Friday, December 24, 2010

He bore the burden to Calvary

After reading Tim Keller's Generous Justice and spending (inevitably) time in Galatians I've been pondering what it means to 'bear one anothers burdens'. Keller's book shows what the implications of the gospel might look like in defending the oppressed though doesn't perhaps always show the way the gospel drives that, though his earlier The Prodigal God does that stunningly.

To bear one another's burdens...
On the one hand I could give from an excess that I have to meet someone's need. I think that's valuable but not the same thing. Carrying one another isn't just about money but perhaps can be made sense of in that way. If I am rich and my riches can cancel your debt that is good but not quite the same as the gospel. God could have upped the blessings he was lavishing upon us, but he did something more.

If I can clear your debts but the result is that I'm now in debt then I'm carrying what you were carrying. That is costly. That might me I'm long term indebted to set you free from it. Scarred and marked by love. I can't help but wonder if that's more the mark of the Christian community. After all, Jesus bore my burdens and it was fatal to him. I should have died but he died. I should have been broken but he was broken. He loved me and that meant he gave himself up for me. Not just casting me some of his riches but giving himself for me. Would I do the same for the church family?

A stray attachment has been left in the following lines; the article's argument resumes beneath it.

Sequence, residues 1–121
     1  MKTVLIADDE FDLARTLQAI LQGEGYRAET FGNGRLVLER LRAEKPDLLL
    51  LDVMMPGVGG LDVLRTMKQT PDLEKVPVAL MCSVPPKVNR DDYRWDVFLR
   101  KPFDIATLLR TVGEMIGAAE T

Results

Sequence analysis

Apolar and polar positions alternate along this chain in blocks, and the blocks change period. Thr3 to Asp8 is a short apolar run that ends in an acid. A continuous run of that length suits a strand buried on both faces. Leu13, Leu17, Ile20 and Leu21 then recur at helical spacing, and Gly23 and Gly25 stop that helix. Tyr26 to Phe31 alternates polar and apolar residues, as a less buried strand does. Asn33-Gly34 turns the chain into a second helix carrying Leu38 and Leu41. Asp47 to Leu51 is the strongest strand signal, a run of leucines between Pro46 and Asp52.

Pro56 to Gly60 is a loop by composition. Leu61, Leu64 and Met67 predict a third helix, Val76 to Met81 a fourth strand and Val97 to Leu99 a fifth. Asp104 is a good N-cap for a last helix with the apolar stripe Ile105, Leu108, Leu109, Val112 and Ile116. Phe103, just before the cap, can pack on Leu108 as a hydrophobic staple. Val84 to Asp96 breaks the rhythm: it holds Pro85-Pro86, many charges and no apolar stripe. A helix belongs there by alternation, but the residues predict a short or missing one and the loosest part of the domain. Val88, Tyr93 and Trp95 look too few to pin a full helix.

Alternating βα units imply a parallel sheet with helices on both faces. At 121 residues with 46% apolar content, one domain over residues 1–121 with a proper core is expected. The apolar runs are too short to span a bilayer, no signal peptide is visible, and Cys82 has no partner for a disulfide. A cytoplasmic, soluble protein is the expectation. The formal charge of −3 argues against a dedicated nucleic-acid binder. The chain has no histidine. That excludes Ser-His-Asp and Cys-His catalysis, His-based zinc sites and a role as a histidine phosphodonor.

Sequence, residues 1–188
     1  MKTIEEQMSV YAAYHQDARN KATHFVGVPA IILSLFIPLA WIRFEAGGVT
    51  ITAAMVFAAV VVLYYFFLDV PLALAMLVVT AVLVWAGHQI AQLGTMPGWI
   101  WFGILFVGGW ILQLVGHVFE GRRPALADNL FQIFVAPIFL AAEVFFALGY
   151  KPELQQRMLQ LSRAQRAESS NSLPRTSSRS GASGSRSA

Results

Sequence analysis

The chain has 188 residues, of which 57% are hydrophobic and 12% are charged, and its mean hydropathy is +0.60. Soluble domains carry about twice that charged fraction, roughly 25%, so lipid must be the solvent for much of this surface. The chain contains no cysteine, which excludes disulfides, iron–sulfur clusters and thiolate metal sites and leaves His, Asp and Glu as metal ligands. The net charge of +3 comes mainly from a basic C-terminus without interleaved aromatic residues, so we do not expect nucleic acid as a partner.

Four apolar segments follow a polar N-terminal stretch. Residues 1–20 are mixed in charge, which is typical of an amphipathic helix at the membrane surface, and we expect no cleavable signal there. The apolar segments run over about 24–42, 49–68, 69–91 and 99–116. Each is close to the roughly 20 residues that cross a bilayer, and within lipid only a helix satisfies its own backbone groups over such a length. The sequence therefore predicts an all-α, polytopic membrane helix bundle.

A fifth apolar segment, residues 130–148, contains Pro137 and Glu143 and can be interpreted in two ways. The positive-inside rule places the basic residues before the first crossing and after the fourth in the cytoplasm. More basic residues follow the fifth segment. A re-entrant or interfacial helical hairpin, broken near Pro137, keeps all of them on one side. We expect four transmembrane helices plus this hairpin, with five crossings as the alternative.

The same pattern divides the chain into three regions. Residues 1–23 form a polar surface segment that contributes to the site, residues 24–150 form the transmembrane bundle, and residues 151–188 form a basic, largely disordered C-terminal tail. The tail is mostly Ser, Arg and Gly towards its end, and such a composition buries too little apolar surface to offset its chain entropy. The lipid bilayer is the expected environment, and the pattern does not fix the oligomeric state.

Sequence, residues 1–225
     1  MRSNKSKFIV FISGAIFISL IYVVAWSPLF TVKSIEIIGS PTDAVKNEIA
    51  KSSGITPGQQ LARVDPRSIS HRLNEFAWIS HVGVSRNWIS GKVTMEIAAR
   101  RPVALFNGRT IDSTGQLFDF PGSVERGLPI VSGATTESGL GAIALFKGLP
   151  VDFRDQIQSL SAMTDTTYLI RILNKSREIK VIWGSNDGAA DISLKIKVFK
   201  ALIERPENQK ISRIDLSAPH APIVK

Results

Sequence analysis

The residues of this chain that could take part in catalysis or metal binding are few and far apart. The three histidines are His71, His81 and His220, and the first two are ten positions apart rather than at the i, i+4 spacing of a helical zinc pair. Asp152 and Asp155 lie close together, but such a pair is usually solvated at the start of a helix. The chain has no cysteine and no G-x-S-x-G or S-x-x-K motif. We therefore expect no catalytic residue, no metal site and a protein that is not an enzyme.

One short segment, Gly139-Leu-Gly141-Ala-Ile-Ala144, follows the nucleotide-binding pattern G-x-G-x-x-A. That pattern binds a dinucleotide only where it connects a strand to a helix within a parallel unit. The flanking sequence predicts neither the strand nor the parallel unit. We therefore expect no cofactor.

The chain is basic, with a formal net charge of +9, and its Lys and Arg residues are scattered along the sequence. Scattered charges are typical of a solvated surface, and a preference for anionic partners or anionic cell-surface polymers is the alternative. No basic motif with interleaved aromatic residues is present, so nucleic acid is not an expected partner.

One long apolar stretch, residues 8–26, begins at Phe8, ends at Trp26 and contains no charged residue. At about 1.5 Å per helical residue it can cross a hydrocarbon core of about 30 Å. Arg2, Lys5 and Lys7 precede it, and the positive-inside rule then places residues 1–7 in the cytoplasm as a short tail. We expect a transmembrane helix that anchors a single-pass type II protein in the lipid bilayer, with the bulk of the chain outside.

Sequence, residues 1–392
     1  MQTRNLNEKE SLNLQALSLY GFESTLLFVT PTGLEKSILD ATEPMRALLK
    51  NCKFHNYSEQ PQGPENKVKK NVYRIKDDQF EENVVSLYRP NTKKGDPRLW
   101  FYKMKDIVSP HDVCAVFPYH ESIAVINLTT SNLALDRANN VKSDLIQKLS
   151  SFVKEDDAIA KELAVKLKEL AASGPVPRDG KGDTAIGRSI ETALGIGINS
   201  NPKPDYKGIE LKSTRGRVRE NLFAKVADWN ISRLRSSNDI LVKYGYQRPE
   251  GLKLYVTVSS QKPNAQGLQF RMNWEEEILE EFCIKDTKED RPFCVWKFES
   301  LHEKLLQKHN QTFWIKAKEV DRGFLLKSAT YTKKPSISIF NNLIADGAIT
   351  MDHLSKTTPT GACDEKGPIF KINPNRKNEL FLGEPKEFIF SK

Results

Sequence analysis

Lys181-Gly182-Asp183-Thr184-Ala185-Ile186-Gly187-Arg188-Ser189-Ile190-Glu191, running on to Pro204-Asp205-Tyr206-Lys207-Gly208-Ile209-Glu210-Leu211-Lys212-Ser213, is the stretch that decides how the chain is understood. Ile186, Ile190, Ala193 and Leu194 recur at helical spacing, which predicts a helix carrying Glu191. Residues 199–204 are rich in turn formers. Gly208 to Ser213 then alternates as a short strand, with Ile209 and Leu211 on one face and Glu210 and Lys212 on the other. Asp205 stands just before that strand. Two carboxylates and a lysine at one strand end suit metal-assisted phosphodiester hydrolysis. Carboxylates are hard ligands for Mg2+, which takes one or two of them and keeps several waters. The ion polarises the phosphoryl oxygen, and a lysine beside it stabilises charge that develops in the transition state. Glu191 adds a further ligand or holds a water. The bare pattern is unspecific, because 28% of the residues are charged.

I need the Spirit to lead me again to the cross to die to my self, to know that the me with all its concerns that I'm so bothered about died with Christ to live by faith in the Son of God who loved me and gave himself for me - to bring me into a new family, a new creation existence, a whole new world with whole new ways of doing things that if embraced wont make a whole lot of sense to the watching world and will make perfect sense. A life lived within the community of the Father, Son and Spirit where loved abounds and gives, never more than the way that it was given for me at the cross of Christ.

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